resident manager), a copy of the filed Declaration must be served upon the
tenant on the date in which the tenant is served a written Thirty (30) Day
Notice to Quit as required by State law. As of January 1, 2007, the required
notice time is 60 days.
For evictions for reason #10, demolition or permanent removal, a copy of the
filed Declaration must be served upon the tenant on the date on which the
tenant is served a written 120-day notice, and
a. Tenants who are at least 62 years of age or disabled and have lived
in the property for one year or more when the units are to be
withdrawn from the rental market (amended by Ordinance Number
173868), are entitled to an extension of up to one year from the
date of service to the tenant. The landlord must disclose this
entitlement on the original 120-day notice.
b. Qualified tenants have the first 60 days of the 120-day notice to
respond in writing to the owner requesting the entitlement of up to
one year.
For evictions for reason #11, to comply with a governmental order, a copy of
the governmental order must be attached to the declaration and must be
served to the tenant in the manner prescribed by Section 1162 of the
California Code of Civil Procedure instead of simply attaching the standard
written notice to quit.
All of these evictions (#8, 9, 10, 11 and 12) require that Relocation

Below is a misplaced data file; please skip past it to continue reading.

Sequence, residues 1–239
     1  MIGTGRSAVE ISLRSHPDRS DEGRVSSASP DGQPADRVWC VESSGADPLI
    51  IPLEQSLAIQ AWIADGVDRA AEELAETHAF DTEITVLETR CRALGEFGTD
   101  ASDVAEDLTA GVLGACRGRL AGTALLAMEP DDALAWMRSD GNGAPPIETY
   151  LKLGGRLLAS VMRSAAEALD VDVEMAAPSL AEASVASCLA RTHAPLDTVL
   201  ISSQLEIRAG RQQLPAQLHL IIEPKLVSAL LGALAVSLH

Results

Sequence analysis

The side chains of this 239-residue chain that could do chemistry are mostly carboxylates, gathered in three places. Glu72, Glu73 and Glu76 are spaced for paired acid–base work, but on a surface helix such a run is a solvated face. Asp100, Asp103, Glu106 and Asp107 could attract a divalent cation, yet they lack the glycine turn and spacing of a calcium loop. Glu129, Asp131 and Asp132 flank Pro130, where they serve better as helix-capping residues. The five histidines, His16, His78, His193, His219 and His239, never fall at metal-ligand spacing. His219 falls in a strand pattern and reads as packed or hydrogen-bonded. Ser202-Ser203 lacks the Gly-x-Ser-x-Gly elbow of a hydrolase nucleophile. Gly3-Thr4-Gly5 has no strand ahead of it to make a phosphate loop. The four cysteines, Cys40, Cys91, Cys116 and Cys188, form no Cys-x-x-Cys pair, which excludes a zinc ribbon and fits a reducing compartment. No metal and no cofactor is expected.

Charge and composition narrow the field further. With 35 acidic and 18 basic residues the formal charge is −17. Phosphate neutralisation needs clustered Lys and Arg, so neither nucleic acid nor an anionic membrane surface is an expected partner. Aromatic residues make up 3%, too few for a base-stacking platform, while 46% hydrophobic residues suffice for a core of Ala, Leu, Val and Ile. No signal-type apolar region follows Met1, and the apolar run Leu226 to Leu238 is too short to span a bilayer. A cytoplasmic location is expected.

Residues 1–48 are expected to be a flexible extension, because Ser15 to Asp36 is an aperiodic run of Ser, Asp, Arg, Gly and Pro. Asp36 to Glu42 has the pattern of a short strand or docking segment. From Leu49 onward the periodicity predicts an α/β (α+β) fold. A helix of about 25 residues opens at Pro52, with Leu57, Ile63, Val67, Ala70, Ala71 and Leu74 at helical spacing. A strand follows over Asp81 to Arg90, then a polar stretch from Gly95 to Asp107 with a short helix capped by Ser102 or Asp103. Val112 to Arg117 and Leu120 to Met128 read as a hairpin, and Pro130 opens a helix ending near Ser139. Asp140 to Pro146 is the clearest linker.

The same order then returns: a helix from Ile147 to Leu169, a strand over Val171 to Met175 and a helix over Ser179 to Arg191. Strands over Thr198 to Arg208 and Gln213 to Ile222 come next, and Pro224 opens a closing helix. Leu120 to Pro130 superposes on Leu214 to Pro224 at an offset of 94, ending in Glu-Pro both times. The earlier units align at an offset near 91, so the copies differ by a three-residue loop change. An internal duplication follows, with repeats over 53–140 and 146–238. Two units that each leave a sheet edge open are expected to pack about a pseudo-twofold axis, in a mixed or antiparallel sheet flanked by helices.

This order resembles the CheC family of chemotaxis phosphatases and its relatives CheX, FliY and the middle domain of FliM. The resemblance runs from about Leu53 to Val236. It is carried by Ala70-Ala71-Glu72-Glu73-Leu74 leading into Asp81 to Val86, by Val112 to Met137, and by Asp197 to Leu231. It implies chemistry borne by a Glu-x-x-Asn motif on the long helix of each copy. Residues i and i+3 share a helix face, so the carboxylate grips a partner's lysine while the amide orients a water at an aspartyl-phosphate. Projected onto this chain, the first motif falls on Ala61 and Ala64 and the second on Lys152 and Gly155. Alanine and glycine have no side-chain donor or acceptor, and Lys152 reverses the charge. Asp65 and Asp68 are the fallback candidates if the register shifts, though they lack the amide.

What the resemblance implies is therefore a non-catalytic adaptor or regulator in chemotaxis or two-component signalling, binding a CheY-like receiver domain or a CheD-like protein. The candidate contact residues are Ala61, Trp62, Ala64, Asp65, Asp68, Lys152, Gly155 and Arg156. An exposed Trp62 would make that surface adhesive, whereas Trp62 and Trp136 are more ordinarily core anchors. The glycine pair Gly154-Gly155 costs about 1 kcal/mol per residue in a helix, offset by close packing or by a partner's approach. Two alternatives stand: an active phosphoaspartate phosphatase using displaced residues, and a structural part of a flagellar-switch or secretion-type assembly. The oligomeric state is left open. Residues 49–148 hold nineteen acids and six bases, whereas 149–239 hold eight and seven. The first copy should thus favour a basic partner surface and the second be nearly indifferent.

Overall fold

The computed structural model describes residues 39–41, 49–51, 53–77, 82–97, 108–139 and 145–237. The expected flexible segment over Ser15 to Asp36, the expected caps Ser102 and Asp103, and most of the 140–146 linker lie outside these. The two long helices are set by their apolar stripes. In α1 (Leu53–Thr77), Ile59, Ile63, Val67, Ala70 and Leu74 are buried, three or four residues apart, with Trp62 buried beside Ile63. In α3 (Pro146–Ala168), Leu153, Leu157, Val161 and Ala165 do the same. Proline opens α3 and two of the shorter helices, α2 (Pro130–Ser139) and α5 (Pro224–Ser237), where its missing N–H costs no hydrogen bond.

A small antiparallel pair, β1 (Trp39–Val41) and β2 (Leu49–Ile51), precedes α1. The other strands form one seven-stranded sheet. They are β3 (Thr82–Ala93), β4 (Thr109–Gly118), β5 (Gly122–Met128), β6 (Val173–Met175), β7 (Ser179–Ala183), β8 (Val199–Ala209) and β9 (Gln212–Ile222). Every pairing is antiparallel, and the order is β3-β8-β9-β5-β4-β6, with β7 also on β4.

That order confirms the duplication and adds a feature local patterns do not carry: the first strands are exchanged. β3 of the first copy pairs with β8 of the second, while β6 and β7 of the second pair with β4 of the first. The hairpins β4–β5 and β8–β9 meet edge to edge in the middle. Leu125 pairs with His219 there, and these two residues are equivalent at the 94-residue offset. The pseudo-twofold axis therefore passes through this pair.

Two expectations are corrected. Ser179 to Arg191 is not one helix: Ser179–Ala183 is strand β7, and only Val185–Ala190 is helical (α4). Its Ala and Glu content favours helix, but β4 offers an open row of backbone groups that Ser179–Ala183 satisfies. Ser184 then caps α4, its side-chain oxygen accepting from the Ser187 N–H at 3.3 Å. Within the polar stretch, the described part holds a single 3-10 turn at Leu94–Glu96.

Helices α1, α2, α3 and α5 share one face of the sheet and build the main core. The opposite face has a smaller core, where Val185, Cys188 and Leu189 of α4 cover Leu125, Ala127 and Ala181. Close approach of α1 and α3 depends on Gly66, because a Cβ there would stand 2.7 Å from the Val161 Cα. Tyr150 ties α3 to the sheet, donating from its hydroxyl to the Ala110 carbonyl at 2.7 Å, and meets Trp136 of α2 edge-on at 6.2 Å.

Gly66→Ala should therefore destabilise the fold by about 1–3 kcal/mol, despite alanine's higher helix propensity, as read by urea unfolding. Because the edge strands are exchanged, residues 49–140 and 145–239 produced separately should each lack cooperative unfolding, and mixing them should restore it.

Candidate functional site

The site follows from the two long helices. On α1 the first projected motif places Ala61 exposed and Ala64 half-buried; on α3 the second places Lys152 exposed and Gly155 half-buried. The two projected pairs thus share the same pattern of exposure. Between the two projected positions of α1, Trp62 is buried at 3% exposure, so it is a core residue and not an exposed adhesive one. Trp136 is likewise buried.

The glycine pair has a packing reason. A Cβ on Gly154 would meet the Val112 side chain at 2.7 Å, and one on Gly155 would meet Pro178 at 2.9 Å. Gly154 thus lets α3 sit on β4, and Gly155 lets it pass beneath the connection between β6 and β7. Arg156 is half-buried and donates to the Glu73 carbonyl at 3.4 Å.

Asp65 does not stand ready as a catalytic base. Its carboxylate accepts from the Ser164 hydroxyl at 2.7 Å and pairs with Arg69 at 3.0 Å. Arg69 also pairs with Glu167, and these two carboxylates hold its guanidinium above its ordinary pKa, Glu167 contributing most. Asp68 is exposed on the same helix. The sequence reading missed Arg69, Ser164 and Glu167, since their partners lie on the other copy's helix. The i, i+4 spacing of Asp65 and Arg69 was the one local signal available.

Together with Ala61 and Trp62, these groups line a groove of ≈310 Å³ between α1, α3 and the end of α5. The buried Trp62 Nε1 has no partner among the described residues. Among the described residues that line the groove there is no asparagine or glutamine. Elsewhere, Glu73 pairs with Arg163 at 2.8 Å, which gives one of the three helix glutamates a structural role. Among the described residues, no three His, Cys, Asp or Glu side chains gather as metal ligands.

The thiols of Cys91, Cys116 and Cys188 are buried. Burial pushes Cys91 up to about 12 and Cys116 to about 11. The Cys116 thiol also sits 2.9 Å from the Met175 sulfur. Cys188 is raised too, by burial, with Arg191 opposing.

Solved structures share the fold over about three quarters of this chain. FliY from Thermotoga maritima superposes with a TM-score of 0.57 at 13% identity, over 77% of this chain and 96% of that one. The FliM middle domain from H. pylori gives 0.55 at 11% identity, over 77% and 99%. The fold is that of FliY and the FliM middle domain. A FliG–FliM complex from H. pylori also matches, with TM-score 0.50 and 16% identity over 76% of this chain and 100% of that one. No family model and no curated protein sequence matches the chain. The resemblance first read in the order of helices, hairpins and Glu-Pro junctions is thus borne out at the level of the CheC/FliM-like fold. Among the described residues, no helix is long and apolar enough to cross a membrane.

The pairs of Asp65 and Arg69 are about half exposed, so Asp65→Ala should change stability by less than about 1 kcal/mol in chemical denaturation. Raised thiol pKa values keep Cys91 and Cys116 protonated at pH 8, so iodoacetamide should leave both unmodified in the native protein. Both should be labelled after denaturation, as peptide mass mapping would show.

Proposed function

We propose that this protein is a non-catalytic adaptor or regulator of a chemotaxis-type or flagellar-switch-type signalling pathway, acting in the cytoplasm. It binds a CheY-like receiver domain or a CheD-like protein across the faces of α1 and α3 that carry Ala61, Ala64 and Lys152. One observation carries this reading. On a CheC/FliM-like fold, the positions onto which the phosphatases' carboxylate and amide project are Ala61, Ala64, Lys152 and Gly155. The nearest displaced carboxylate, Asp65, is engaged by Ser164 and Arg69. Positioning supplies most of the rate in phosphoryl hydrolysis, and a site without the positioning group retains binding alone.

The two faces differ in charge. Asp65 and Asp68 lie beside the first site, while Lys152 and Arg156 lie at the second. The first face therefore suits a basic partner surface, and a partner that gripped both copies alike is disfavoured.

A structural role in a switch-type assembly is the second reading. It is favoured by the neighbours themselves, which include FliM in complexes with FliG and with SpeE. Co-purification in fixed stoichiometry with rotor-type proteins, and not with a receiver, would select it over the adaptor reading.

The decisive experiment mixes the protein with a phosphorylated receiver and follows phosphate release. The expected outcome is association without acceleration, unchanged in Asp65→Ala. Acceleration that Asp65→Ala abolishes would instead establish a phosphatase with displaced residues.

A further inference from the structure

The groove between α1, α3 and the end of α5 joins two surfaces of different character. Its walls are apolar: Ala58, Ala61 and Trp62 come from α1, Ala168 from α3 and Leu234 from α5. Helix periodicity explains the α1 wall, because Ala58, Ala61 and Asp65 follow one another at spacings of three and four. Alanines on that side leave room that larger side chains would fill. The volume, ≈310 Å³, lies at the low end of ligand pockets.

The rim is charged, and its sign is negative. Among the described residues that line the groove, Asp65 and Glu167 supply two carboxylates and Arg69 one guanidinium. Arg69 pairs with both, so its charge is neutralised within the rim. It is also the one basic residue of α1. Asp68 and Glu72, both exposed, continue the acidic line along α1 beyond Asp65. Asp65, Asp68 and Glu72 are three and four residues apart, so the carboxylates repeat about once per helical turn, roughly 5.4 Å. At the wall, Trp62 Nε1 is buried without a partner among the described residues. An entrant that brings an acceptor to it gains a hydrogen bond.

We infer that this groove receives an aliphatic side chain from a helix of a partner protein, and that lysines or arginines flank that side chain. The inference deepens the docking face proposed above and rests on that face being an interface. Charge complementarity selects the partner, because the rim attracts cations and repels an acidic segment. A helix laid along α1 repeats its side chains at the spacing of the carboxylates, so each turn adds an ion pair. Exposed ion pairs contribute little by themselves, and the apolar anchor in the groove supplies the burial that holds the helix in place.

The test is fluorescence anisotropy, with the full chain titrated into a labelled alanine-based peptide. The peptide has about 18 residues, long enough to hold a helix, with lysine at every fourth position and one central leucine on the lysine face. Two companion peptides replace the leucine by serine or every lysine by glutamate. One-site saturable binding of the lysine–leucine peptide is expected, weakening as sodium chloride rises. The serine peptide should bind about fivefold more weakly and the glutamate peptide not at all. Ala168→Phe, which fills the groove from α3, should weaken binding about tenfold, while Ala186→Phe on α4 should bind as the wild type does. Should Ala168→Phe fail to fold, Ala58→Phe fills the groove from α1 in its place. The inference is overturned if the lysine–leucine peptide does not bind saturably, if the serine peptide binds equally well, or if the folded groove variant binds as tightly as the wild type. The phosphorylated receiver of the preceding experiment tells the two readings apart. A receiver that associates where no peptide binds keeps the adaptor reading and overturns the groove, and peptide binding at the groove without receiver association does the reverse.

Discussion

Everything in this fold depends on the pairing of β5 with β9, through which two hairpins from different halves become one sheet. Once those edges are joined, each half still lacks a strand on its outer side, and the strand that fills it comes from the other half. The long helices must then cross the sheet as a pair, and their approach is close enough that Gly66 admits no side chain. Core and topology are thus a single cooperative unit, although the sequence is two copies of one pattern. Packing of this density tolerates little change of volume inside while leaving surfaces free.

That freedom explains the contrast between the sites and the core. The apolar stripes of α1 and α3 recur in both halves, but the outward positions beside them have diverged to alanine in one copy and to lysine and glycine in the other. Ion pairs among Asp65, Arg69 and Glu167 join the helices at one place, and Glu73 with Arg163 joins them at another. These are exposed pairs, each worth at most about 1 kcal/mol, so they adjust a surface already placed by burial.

Assistance defined in Section VII) be paid by the landlord within the first
fifteen (15) days of the service of the Notice to Quit. This can either be done
by direct payment to the tenant or by an escrow account. However, when
utilizing the eleventh (11th) legal reason for eviction, should the hazardous
conditions resulting in the governmental agency's order to vacate be due to a
natural disaster or act of God, no relocation assistance is required (LAMC
Landlords must file a Landlord Declaration of Intent to Evict for reasons #3
and #4 when evicting for illegal drug activity, but this eviction does not require
the LAHD’s prior approval. No relocation assistance is required.
The evictions numbered 1, 2, 5, 6, and 7 of Section A above do not require a
Declaration or any additional forms to be filed with the LAHD.
Eviction Questions
What steps follow a Three (3) Day Notice to Pay or Quit?
If the obligation demanded (i.e., payment of rent) has not been satisfied
within three (3) days after the notice was served, the landlord may then
file suit against the tenant in Municipal Court to have the tenant evicted.
This legal document is known as an Unlawful Detainer. The purpose of
this process is for the landlord to recover the possession of the rental
unit from the tenant.
How can I learn more about the Unlawful Detainer process?
State law regulates the Unlawful Detainer process. Further questions
should be directed either to:
Los Angeles County Consumer Affairs at:
(213) 974-1452
Los Angeles Superior Court General Information line at:
(213) 974-6135
Los Angeles Superior Court -Unlawful Detainer Section at:
(213) 974-6140 or (213) 974-7802
See also the Legal Services in Referral Section on Page 59.
What if the tenant pays part of this rent?
The landlord is legally entitled to the full amount of rent when it is due. If
only partial rent is paid, the landlord is entitled to file a 3-Day Notice to
Pay or Quit.
What if the landlord refuses to accept timely rent?
It is illegal for a landlord to refuse to accept rent when it is due.
However, such refusal is not covered under the Rent Stabilization
Ordinance. Please call Los Angeles County Consumer Affairs at (213)
974-1452 for relevant State laws. The tenant may wish to send the rent
due to the landlord via Registered or Certified Mail with a return receipt